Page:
Pathways of absorbed water
- Movement of water along cell walls and through spaces between cells.
- From root hair cells, through the cortex cells through to the endodermis.
- When it comes to IBDP Biology, Pathway of least resistance.
- When it comes to IBDP Biology, Cytoplasm of root hair cells is at a lower water potential than soil water.
- Water enters by osmosis.
- There is a water potential gradient from the soil, through the cortex, to the xylem in the centre.
- Water moves from cell to cell through plasmodesmata (pores in adjacent cell walls).
- Then through the cell surface membranes into cytoplasm.
- This provides more resistance, so less water molecules pass this way.
- A ring of cells close to the xylem.
- Has a Casparian strip in the cell wall.
- When it comes to IBDP Biology, This is a waxy layer that is impermeable to water.
- Water must enter the cytoplasm at this point.
- This enables the plant to control entry of mineral ions.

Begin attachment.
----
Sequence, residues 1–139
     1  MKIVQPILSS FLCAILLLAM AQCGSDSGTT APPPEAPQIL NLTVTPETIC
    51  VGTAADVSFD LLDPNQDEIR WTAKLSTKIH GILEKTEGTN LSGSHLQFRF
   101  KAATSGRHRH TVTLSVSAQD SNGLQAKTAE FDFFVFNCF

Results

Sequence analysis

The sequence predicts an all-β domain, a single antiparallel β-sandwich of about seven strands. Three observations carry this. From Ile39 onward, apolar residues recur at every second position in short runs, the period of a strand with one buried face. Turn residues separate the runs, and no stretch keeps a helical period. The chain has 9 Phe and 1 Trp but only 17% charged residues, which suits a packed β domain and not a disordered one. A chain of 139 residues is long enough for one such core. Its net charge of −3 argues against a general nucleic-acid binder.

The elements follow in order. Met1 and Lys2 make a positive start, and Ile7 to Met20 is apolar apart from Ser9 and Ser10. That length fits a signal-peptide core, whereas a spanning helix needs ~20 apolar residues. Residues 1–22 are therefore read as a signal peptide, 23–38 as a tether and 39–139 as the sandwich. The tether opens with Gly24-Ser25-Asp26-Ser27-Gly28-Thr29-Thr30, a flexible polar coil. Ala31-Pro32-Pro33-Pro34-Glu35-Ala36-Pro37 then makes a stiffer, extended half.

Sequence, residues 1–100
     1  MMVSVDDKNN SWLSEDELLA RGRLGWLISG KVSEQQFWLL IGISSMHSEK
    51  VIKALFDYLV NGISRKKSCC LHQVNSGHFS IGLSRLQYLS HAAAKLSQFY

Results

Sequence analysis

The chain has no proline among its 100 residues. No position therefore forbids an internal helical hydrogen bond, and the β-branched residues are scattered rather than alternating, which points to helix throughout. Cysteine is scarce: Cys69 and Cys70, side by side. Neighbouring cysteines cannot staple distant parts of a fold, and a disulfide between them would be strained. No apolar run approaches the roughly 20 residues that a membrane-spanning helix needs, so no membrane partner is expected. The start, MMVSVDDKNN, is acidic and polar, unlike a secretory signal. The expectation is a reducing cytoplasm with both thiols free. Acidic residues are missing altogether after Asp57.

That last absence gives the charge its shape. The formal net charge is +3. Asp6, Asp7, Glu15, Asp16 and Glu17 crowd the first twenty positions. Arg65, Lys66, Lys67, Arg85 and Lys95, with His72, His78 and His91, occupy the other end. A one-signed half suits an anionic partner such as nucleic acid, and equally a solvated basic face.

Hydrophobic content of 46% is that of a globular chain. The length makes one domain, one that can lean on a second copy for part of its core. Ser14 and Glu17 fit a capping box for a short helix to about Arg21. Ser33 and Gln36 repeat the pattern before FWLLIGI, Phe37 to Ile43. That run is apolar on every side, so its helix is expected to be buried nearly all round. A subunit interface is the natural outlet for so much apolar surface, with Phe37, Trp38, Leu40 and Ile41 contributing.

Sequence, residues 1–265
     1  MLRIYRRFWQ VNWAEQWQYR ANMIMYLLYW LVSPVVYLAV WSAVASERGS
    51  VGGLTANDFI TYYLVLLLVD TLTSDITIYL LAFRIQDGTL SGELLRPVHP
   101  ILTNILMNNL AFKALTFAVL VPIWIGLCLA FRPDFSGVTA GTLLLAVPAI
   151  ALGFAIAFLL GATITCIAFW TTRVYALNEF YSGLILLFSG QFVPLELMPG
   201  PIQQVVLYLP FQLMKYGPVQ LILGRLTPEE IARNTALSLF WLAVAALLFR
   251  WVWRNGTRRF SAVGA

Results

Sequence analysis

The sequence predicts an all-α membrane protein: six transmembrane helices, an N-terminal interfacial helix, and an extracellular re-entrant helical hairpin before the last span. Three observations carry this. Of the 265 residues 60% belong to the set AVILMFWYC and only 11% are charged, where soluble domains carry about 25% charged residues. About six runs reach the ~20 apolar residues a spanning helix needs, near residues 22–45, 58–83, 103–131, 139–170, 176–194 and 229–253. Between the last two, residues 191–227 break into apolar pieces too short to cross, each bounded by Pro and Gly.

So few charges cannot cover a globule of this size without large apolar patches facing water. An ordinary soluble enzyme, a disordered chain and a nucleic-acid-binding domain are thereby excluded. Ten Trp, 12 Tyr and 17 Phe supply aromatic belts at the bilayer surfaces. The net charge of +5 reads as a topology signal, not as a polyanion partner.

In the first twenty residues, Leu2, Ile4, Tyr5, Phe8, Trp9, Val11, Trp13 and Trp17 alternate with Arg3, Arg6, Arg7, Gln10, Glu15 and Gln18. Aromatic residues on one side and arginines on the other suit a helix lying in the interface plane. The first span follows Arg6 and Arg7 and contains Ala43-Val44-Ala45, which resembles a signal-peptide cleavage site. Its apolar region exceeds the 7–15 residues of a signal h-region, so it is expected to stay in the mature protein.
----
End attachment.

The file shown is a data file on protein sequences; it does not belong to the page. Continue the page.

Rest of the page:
- They are actively pumped into the cell.
- This reduces water potential.
- This increases water uptake.
- Water enters xylem through pits.
- As the water moves up the xylem it lowers the water potential in the roots, maintaining the gradient.
- When it comes to IBDP Biology, Transpiration = the loss of water from the plant by evaporation
- Mesophyll cells in a leaf have moist cells walls.
- Some water evaporates into the air spaces.
- If stomata are open, and the water vapour concentration is lower outside than inside, the water will diffuse out.
- Transpiration stream = the movement of water up the plant as a consequence of evaporation from the leaves
Role of transpiration
- Delivers water to all parts of the plant – although most of the water actually leaves the plant.
- When it comes to IBDP Biology, Distributes mineral ions throughout plant.
- Evaporation of water from leaves cools the plant.
- Lack of water means that more water may be lost than can be replaced, cells lose water and become flaccid – this may lead to wilting and death.
That's the end of this topic.